Really? Well, where are we going? Someplace quick?

No, I got reservations at a really fancy French place. You’ll love it, it’s great.

I’ll spare you the details of lunch, other than to say that he was trying to play footsie under the table, we ran into another group from the firm (who gave me a very weird look), and he insisted on ordering a bottle of wine “for the table,” at 12:30 on a Tuesday.

Things really came to a head when he tried to kiss me in the cab on the way back.

Stop that! What are you doing?

Whatever, why are you being such a bitch?

Ah, yes. The put-upon sexual harasser’s favorite retort. Love it.

The Bottom Line

This has gotten really long, so I’ll spare you the rest of the story (and the other surprisingly similar one I was going to share from a different law firm job), but the bottom line is this:

This sort of stuff happens in the legal profession, and it happens a lot. I’m going to go out on a crazy limb, and say it happens a lot more than it does in other corporate settings.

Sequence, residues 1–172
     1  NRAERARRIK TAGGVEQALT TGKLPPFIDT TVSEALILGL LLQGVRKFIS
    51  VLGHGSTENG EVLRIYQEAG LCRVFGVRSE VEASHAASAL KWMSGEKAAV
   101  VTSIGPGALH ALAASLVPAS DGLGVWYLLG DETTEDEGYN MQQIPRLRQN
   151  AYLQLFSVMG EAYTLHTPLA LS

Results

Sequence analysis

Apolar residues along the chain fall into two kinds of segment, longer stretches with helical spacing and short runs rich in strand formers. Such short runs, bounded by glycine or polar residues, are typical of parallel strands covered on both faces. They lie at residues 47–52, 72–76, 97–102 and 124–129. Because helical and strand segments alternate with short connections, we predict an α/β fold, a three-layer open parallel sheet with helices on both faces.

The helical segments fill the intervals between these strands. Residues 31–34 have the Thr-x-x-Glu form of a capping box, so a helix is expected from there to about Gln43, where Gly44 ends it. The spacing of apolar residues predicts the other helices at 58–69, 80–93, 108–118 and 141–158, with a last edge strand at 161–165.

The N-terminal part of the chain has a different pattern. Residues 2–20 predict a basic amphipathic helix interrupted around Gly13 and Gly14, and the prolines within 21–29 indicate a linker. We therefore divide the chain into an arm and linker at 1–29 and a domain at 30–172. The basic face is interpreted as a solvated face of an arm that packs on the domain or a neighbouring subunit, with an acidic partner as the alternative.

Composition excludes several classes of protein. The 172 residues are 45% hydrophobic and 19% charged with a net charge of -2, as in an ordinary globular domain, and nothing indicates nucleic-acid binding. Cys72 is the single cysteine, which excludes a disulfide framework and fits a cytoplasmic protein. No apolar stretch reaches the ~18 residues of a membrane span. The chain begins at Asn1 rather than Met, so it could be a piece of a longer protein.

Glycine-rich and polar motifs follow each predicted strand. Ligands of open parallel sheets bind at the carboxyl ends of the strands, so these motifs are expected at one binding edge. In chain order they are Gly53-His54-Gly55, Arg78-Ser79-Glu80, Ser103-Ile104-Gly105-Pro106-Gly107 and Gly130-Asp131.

If it happens to you, or you think it’s happening to you, you’re probably right, and it’s not your fault.

As for how to handle it, I honestly don’t know. You can laugh it off as long as you want, but the reality is that you’re still generally in a position of less power than the guy who’s doing this. So, it’s probably not going to stop.

Maybe my fellow traveler Kate McGuinness, BigLaw pioneer turned women’s rights crusader, has some ideas! Or feel free to share yours in the comments.

Alison Monahan is the founder of The Girl's Guide to Law School and the co-founder of the Law School Toolbox. Stay tuned for her monthly Ms. JD column debunking myths about the legal profession.


Kate McGuinness

Unfortunately, Alison has nailed it! Sexual harassment is all too common  in law firms. 
I have a few suggestions if it happens to you. In this blog, I weigh the pros and cons of reporting the situation to HR.
Here’s another blog  listing 12 action steps you can take.
Even if you’re not sure you want to complain, make contemporaneus notes about each incident. Send a copy of the notes to your pesonal email account. If anyone else witnesses the harassment, ask him or her to write it up, too.